The Knog Oi is one of the most unique bike bell designs I’ve ever seen. While the market is flooded with options to make your bike go ding, the reality is that they are pretty much all based around the same design. While tried and true, the basic bike bell is not exactly the sleekest accessory for your bike. This is where the Knog Oi is different from the rest – the sleek design makes for a stealth installation, and it has all the same functionality as the classic bike bell.
What is a Knog Oi?
The Knog Oi is one of the newest bicycle bell designs on the market. Instead of the typical round metal bell sitting up on top of your bars, this new design places a curved metal bar slightly raised about the circumference of your bars, held up by a pair of springs. The plastic mounting bracket is attached, making it all a single piece. One of the unique features of the Knog Oi is a built-in space for cables to run. Overall, this makes for an installation that is very low key – it fits in really quite well with today’s modern, high-tech bikes.
There are two different sizes of Knog Oi available – small and large. The small one fits bikes with bars 22.2 mm in diameter, and the large version includes a shim to allow it to fit on bars with 23.8 mm to 31.8 mm in diameter. It’s also available in a handful of colours – silver, copper, brass, and black.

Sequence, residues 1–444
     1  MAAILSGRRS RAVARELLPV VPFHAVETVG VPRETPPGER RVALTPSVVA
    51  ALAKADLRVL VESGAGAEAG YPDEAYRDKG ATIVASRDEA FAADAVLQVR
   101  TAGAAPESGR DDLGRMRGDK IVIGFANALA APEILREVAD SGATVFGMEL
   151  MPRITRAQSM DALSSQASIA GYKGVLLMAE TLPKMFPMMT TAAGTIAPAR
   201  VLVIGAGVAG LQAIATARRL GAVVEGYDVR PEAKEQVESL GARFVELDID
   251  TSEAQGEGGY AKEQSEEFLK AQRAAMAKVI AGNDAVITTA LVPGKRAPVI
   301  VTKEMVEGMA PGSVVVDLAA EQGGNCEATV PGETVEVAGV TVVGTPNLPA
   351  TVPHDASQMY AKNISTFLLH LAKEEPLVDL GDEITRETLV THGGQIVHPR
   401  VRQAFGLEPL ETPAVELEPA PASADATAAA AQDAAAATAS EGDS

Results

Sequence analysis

The packaging for the Knog Oi is pretty slick – there’s not a lot to it actually – the bell itself, a rubber shim, an allen key for installation, and an instruction manual. I went ahead and installed the large version on my MEC National, which has 31.8 mm road bars. The version I purchased was silver. Because of the shape of my road bars, they would only fit near the centre, near where the stem attaches. In the instructions, it mentions that this bell is only suitable for round-profiled bars – so any bars that have aero shaping will likely have limited mounting options.
Installation was straightforward – I removed the allen bolt, clipped the bell over the bars, and screwed the bolt back in nice and snug. I think it looks pretty great! The sound is loud and clear – although certainly not the loudest bell I’ve ever had on a bike, it will be suitable enough for the local pathways, and of course, nicer than the alternative of yelling!
I have a bit of a love hate relationship with bicycle bells. The truth is that when I do have a bell on my bike, I actually use it quite often – as a warning to pedestrians and cars, it is really invaluable and much preferable to shouting. The thing I don’t like about bike bells is that it’s really hard to find the right balance between durability, aesthetics, sound, and mounting options – there always seems to be something that suffers, and the requirements often change between different bikes as well.
The Knog Oi is a pretty great option for me. I have plans to to put this bell on a couple of my bikes. It’s sleek, mounts sturdily, dings loud and clearly, and looks great! The only thing I would say that is off-putting about the Knog Oi is the cost – at $24.50 CAD currently, it’s quite a bit more expensive than a traditional bell.